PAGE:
Portraits from the New York University Art Collection
January 11–April 2, 2005
New York City, January 7, 2005. The Grey Art Gallery is pleased to announce the opening of Multiple Identities, an exhibition exploring the art of the portrait through selected works from the New York University Art Collection. On view at the Grey Art Gallery from January 11 through April 2, 2005, Multiple Identities features over 30 works spanning four centuries, with artists ranging from New York to Tehran. Representing a rich cross-section of styles and cultures, the exhibition charts many of the significant developments within portraiture while also challenging our understanding of them.
Conceived as a complement to the concurrent Mapping Sitting: On Portraiture and Photography, A Project by Walid Raad and Akram Zaatari, the exhibition Multiple Identities presents a unique opportunity to showcase works from the too-little-known NYU Collection. Founded in 1958, the NYU collection has grown substantially over the years and today numbers over 4,800 works, with particularly strong holdings in modern American art—powerfully represented in this exhibition by the work of Jim Dine, Alex Katz, and Andy Warhol, among others. Also of note are the collection’s holdings in contemporary non-Western art, acquired through the gift of approximately 700 works by the gallery’s founder, Abby Weed Grey. Amassed by Mrs. Grey on her numerous trips to Asia and the Middle East in the 1960s and 1970s, this unusual collection includes modern works from countries as diverse as Japan, Thailand, India, Nepal, Iran, and Turkey, the latter two represented in Multiple Identities in the works of Parviz Tanavoli and Nevin Islek.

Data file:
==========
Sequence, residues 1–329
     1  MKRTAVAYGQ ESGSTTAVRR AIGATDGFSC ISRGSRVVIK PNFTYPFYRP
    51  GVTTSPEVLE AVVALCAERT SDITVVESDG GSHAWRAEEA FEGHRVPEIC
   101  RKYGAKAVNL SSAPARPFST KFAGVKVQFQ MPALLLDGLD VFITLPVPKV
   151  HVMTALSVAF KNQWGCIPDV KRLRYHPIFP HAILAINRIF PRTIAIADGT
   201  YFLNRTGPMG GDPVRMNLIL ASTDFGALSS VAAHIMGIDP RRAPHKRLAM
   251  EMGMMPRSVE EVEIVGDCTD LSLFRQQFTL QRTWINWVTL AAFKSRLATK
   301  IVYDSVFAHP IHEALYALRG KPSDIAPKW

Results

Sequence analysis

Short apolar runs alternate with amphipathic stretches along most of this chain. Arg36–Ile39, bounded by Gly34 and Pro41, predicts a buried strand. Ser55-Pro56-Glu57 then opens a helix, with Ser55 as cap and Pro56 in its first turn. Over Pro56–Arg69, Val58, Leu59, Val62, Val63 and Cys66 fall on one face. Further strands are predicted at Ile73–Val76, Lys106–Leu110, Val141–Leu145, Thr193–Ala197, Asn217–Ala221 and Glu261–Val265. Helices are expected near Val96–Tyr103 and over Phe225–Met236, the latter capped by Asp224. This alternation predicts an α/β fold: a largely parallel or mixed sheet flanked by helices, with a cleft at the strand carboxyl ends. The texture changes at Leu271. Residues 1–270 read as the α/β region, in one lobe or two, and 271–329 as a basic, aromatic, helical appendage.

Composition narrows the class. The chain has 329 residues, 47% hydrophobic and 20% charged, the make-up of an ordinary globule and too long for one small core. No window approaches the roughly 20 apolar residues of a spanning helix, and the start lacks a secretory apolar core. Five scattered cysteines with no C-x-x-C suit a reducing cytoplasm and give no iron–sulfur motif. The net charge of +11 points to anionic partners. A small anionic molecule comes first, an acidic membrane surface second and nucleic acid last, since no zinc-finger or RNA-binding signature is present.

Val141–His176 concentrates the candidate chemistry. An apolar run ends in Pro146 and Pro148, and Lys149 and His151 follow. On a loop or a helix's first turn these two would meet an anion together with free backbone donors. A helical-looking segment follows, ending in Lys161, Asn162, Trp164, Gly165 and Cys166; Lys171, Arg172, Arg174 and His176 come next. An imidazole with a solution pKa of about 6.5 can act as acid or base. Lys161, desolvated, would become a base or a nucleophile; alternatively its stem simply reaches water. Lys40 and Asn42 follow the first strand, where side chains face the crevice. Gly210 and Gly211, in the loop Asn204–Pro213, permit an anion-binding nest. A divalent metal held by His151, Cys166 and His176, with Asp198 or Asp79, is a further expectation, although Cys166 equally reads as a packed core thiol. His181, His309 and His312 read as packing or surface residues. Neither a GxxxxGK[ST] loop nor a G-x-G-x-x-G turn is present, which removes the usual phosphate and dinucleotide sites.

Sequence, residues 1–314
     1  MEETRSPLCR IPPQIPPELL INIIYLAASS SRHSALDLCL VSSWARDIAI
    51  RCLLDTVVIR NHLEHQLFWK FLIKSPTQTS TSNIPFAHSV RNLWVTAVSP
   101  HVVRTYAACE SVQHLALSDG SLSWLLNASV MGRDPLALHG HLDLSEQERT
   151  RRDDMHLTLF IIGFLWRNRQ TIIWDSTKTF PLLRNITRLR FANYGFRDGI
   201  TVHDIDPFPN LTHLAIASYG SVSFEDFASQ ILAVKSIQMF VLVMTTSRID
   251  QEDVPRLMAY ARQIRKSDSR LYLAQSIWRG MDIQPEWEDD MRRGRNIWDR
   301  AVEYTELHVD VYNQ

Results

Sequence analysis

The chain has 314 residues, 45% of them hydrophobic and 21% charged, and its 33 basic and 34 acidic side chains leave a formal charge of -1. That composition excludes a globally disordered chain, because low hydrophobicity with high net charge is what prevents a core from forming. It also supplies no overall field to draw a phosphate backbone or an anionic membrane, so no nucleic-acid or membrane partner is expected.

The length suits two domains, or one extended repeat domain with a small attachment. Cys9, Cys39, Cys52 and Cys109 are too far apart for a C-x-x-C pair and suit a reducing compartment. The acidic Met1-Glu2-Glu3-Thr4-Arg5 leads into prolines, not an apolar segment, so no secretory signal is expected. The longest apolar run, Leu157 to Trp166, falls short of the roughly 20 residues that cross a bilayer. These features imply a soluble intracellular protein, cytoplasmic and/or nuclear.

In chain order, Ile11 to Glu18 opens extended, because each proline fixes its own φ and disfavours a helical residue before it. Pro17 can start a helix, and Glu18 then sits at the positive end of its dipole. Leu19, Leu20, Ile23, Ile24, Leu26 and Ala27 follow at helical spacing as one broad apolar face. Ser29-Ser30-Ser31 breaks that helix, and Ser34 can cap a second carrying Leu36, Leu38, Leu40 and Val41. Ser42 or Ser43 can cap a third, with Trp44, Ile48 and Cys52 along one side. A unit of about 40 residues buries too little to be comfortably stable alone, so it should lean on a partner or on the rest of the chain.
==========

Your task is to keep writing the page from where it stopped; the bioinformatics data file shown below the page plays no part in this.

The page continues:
Featuring a wide range of media—from prints and drawings to painting and photography—Multiple Identities examines the myriad possibilities of portrait-making and raises issues concerning representation that remain vital for many artists working today. While providing a meditation on portraiture, Multiple Identities also offers a glimpse into the diverse character of NYU’s permanent holdings—and in so doing, itself serves as a portrait of the collection.